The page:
WHAT ARE THE IMPLICATIONS OF THE STUDY FINDINGS?

This study estimates that 11.1% of adults in the U.S., translating to 27.5 million people, have had a substance use problem in their lifetime and that 74.8% – 8.3% of the total US adult population – or 20.5 million adults are in recovery or have recovered from this problem. Having a resolved mental health problem and receiving substance use treatment increased the likelihood that a person reported recovery from a recognized substance use problem in their lifetime, whereas having an unresolved mental health problem, identifying as non-Hispanic black, and past-year use of a wide range of substances decreased this likelihood.

Findings from this study, along with other nationally representative studies, make clear that there are tens of millions of people in the United States who have resolved a significant alcohol or other drug problem. This goes against the cultural narrative, where substance use problems are often described as chronic, relapsing conditions, thus implying such affected individuals can never get and stay well. These findings corroborate findings from the National Recovery Study,a similar cross-sectional study (i.e. observes a person at one point in time) that examined those who have resolved a substance use problem in more detail. Future longitudinal research (i.e. follows a person over time) will provide greater insight and confirmation into these findings.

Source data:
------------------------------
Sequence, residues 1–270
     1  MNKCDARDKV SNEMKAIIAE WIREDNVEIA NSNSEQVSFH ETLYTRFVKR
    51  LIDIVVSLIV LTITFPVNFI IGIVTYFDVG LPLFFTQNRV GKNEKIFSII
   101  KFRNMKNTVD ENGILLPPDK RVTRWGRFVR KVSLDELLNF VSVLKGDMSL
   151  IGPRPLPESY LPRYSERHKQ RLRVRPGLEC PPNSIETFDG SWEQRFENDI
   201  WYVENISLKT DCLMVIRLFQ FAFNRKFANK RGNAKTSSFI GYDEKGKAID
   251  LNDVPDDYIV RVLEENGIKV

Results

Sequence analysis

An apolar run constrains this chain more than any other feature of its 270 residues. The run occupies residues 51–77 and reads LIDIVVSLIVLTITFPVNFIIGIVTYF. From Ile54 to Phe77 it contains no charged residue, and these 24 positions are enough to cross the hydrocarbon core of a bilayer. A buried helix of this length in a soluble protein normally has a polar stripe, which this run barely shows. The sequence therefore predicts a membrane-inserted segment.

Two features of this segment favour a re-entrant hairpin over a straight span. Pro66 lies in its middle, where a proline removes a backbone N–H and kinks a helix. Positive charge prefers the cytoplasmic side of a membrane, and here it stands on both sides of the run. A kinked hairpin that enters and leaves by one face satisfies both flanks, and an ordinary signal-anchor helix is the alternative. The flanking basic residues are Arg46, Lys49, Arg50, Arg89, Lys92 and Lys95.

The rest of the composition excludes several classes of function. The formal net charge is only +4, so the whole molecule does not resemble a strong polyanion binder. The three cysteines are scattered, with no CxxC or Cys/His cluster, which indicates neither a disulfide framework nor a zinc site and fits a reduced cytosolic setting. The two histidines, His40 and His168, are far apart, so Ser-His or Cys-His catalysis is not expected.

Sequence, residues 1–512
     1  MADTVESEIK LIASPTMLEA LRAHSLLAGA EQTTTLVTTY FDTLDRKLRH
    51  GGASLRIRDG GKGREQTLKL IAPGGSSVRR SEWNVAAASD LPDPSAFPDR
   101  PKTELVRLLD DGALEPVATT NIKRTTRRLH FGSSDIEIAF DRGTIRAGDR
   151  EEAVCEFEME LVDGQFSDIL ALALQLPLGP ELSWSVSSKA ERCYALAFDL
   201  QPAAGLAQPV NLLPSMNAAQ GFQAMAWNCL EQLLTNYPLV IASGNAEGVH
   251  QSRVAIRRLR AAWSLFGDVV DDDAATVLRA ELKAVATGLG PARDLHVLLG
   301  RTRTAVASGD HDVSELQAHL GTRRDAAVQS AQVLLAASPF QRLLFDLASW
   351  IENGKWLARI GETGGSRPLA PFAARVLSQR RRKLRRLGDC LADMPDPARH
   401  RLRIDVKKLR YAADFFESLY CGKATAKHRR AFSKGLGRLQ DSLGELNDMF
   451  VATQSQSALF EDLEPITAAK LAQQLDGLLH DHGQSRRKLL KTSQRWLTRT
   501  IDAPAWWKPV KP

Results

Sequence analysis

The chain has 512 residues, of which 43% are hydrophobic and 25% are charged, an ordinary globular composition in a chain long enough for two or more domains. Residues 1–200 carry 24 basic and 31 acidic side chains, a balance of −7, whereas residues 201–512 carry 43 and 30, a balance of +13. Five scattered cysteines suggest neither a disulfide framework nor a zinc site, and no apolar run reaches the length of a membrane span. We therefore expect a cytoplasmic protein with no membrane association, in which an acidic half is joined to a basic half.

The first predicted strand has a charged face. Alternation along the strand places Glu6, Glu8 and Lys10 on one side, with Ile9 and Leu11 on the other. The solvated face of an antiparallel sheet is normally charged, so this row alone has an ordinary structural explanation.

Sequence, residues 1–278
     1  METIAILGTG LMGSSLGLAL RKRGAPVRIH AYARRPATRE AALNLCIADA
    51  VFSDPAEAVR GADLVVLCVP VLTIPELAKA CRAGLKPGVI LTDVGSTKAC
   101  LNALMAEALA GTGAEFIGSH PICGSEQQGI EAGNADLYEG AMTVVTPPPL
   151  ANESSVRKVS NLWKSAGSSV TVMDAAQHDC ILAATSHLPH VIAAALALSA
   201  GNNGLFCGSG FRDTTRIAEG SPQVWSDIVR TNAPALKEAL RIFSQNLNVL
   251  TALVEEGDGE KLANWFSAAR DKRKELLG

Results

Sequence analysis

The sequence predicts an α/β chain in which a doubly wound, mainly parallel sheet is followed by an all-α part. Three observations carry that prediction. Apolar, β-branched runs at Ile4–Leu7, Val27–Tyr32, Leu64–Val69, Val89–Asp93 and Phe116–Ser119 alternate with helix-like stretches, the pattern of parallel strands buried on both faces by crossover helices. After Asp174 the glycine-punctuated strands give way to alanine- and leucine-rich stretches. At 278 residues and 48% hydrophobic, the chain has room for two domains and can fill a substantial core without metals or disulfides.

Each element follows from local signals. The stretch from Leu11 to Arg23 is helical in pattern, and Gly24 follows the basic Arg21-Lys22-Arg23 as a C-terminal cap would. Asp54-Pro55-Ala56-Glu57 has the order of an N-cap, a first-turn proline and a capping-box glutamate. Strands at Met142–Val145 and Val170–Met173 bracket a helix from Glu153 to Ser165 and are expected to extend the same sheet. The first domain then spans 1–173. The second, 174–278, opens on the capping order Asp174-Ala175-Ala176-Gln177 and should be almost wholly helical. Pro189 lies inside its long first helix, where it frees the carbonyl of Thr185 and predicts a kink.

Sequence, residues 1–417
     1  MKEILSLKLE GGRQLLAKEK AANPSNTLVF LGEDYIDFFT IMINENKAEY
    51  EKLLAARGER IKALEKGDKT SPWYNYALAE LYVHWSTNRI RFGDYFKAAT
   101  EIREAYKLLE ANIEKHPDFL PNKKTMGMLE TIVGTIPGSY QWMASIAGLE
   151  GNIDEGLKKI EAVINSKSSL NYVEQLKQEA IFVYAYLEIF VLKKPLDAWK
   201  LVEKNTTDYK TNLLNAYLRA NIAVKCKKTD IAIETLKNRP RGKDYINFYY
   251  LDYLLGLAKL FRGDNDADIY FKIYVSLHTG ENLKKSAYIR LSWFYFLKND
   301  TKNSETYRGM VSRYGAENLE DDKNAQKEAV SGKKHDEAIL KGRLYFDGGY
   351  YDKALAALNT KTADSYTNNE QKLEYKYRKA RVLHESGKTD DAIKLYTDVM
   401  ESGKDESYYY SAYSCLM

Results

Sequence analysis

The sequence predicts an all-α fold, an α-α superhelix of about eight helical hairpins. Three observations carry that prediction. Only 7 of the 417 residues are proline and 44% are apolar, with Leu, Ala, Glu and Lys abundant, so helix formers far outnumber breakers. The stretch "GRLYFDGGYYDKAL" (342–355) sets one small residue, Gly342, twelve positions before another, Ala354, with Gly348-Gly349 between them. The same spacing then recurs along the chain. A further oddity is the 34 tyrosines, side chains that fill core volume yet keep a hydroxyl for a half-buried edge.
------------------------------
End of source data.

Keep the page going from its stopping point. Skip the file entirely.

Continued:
An interesting finding from this study was that those who reported being in recovery from a substance use problem were twice as likely to have received SUD treatment in the past year and over their lifetime compared with those who were not in recovery. However, only 40% of those who had recovered from a substance use problem had ever received SUD treatment. Taken together, these data suggest that treatment may help a person resolve an alcohol or drug problem, but the majority of people will recover without using formal treatment, either through other pathways of recovery (e.g. mutual-help organizations) or without using any formal services whatsoever (i.e. natural recovery). Although not analyzed in this study, prior research suggests that those able to recover without the use of any external service supports generally tend to have less severe addiction problem histories.

Those in recovery were more likely to report lifetime injection drug use compared with those who are not in recovery. Substance use problems are likely to be on a spectrum, from a severe and chronic SUD with many substance-related consequences to more discrete episodes of binge drinking that may have led to a family or legal consequence. Those with more severe substance use problems may be more likely to suffer more severe and cumulative consequences making it more likely, in turn, that they would seek SUD treatment, increasing the chances of resolving their problem. This also exposes them to the idea of abstinence and in adopting a social recovery identity. This may partially explain the decreased likelihood of those in recovery to report past-year substance use compared with those who are not in recovery.